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Ohio and the New Norm: Cold-Storage Trailers for Overdose Victims

The picture above is the inside of a refrigerated truck which is temporarily serving as a morgue for the countless overdose victims who are flooding into morgues in Ohio. This has been hit especially hard by the opioid epidemic that the United States faces. This heroin epidemic was fed with the easy access to highly addictive narcotics which eventually led to heroin. From 2003 to 2015, the state saw opioid-related deaths increase by 775% or from 296 in 2003 to 2,590 in 2015. The increase in opioid-related deaths is the direct result of Purdue Pharma’s Oxycontin and the introduction of fentanyl and carfentanil onto the streets.

Last year Cincinnati saw 176 heroin overdoses in just six days, and just about every county in the state has been all but ravaged due to the widespread usage of opiate and opioid drugs.

According to a story in the Washington Post, things have gotten so bad in the state, that one county, Stark County, has actually started to employ the usage of a cold-storage trailer in order to house the overdose victims that continue to flood through the doors. Reporters for the Post talked to a Stark County coroner’s investigator, Rick Walters, about what was going, and he said that in the 40 years that he had worked in public safety, he had never seen anything like what the county was currently witnessing.

Walters went on to say that last year the coroner’s officer had to spend $75,000 on toxicology reports alone, all to verify overdose victim’s causes of death. He said that there were some months when the office would spend upwards of $10,000 and that because of this and the lack of storage space they had to rely heavily on the state for support.

In Stark County last year 1 in 5 deaths that the coroner’s office processed were drug-related, and it does not appear that the numbers are going to slow down anytime soon. To the point where using the cold-storage trailer in order to house bodies appear to be the new norm until either the facilities are upgraded or something is done in order to curb the opioid problem that has already claimed the lives of thousands of people.

Unfortunately what Stark County is experiencing is not an anomaly and many other towns and cities throughout the country are having similar problems with mounting opioid-related deaths. In 2015 33,092 people died in the US from opioid overdoses, a number that for the first time in history surpassed that of gun related deaths. Which when taking into account that only 8,280 people died in 1999 from opioid-related causes, is a staggering increase and a thoroughly upsetting statistic.

Yet, with the upheaval currently going on in Washington, stories like this one have been all but forgotten. We started to finally talk about the opioid problem in this country mid-year last year when it became apparent that what we were facing as a nation was serious. For the first time in my life, politicians and the news media alike started to take the drug problem in this country seriously, and they started to address the underlying issues that lead to addiction, rather than lambasting and criminalizing the addict. But now, it appears that much of the widespread media that this issue was getting has all but gone away and unfortunately without our attention, things like needing to use cold-storage trailers will become increasingly more necessary.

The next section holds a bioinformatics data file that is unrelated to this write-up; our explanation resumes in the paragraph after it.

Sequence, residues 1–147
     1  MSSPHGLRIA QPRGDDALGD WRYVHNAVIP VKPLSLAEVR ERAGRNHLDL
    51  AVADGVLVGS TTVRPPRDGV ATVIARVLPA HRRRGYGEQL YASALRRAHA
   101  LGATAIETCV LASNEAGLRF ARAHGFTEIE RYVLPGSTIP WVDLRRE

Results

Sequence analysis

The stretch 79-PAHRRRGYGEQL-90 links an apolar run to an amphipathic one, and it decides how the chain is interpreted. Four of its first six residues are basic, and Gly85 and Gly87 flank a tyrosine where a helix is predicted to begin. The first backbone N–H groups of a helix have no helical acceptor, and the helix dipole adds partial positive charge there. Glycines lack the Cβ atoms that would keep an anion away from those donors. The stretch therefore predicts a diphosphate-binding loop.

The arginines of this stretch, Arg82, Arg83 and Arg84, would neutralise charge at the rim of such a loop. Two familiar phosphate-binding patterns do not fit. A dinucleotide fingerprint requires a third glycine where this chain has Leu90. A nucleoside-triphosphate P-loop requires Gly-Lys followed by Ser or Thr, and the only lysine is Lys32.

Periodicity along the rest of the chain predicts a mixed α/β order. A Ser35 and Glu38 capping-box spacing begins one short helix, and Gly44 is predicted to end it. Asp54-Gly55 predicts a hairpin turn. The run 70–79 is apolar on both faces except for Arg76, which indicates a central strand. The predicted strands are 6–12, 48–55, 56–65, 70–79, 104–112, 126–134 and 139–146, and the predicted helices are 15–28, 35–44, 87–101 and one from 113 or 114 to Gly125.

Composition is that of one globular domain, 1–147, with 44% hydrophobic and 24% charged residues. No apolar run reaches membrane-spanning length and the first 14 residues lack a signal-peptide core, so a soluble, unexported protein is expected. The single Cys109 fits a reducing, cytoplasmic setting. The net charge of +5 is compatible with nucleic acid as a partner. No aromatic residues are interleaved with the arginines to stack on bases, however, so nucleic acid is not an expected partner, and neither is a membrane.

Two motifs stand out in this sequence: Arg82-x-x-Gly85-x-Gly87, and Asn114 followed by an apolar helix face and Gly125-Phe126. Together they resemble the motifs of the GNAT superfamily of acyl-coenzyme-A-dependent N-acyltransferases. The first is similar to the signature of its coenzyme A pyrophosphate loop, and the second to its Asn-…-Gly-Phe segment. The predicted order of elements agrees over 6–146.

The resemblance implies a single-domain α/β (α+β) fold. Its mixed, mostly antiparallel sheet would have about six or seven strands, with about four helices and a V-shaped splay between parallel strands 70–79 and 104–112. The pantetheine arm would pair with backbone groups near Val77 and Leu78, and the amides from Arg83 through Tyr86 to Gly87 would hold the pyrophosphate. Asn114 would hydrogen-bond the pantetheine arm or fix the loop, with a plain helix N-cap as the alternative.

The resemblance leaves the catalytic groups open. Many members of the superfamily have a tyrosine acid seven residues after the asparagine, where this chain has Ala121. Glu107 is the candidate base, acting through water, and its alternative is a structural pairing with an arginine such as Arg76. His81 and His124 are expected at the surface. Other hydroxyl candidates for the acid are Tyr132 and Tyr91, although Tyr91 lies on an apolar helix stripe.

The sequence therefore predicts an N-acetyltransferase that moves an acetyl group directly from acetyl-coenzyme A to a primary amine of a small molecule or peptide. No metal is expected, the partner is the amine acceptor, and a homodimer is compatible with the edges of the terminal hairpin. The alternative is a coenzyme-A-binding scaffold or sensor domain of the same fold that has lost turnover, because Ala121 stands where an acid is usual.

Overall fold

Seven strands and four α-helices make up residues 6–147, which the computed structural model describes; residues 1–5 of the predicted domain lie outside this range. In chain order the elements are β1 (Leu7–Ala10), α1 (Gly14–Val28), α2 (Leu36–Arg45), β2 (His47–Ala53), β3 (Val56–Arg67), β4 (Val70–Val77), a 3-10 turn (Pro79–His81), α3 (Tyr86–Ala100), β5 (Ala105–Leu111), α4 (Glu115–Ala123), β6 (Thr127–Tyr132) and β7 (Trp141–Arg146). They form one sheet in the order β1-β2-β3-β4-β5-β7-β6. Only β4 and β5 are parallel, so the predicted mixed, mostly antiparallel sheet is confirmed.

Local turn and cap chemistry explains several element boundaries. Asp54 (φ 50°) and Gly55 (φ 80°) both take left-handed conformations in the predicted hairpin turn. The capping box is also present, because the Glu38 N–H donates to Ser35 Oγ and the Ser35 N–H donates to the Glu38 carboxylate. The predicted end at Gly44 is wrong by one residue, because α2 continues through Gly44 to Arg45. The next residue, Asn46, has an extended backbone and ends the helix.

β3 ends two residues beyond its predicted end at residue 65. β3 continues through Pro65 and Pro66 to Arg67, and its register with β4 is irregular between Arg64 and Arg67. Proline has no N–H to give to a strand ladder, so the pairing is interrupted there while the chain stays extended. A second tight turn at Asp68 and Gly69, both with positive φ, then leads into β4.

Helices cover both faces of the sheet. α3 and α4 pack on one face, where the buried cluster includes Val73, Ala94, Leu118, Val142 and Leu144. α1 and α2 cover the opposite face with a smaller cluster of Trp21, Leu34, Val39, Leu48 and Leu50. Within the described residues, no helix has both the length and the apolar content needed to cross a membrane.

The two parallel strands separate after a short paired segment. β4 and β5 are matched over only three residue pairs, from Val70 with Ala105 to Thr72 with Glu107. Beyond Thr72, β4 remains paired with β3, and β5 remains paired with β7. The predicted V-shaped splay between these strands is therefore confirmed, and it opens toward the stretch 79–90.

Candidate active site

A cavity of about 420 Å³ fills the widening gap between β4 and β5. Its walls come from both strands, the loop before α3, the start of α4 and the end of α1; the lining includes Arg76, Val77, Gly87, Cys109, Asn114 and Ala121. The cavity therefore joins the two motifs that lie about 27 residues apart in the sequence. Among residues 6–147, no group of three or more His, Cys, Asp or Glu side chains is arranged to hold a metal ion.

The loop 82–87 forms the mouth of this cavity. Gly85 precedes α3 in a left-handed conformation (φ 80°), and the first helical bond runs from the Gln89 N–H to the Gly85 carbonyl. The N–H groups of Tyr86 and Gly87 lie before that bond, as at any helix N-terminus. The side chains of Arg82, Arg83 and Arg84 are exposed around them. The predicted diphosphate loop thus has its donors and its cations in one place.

It is important for us to remember that each one of those 33,092 people that died in 2015 and every one of the individuals now sitting in cold-storage outside of the Stark County Coroner’s Office were once living breathing human beings. They were once someone’s daughter or son; someone’s brother or sister, and that although we lump them together in numbers and quantify those statistics, they were people who needed help because of the disease that they suffered from. They needed help that they may not have had access to, due to the nature of politics in this country, and they needed help that addicts very often do not get.

While I do not wish to grandstand on top of Stark County’s problems, I think it is important for us to continue, as recovered people, to ensure that stories like this see the light of day, and get the sort of attention they deserve. I believe it is important that we hail against changes to healthcare that would negatively impact the lives of millions of addicts, and I believe it is important that we spread the knowledge we have about recovery, as far and wide as we possibly can; because if we can reach just one person then it is all worth it.

As ugly as drug addiction can be to witness, it is not a problem that will go away simply by our wishing it would. Since getting the trailer from the state, the small county of Stark has already seen 6 more opioid-related deaths, and there will, unfortunately, be more to come if we do not act as a country to help end this problem.

Rose Lockinger is a passionate member of the recovery community. A rebel who found her cause, she uses blogging and social media to raise the awareness about the disease of addiction. She has visited all over North and South America. Single mom to two beautiful children she has learned parenting is without a doubt the most rewarding job in the world. Currently the Outreach Director at Stodzy Internet Marketing.

You can find me on LinkedIn, Facebook, & Instagram

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